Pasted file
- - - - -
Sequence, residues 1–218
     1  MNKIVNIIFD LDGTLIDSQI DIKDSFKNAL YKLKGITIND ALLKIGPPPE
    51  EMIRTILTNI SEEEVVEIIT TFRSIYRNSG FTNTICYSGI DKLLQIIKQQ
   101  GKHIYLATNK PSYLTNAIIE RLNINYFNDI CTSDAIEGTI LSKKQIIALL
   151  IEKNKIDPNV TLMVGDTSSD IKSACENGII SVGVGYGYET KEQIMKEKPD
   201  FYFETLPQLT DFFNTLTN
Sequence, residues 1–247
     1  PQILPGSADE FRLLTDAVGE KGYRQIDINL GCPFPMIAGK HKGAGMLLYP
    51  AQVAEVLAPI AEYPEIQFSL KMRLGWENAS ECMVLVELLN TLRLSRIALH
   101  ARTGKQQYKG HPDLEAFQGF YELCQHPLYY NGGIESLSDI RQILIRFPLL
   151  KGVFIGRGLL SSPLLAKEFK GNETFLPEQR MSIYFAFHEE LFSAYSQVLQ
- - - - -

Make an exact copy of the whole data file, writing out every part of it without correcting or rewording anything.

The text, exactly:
Sequence, residues 1–218
     1  MNKIVNIIFD LDGTLIDSQI DIKDSFKNAL YKLKGITIND ALLKIGPPPE
    51  EMIRTILTNI SEEEVVEIIT TFRSIYRNSG FTNTICYSGI DKLLQIIKQQ
   101  GKHIYLATNK PSYLTNAIIE RLNINYFNDI CTSDAIEGTI LSKKQIIALL
   151  IEKNKIDPNV TLMVGDTSSD IKSACENGII SVGVGYGYET KEQIMKEKPD
   201  FYFETLPQLT DFFNTLTN
Sequence, residues 1–247
     1  PQILPGSADE FRLLTDAVGE KGYRQIDINL GCPFPMIAGK HKGAGMLLYP
    51  AQVAEVLAPI AEYPEIQFSL KMRLGWENAS ECMVLVELLN TLRLSRIALH
   101  ARTGKQQYKG HPDLEAFQGF YELCQHPLYY NGGIESLSDI RQILIRFPLL
   151  KGVFIGRGLL SSPLLAKEFK GNETFLPEQR MSIYFAFHEE LFSAYSQVLQ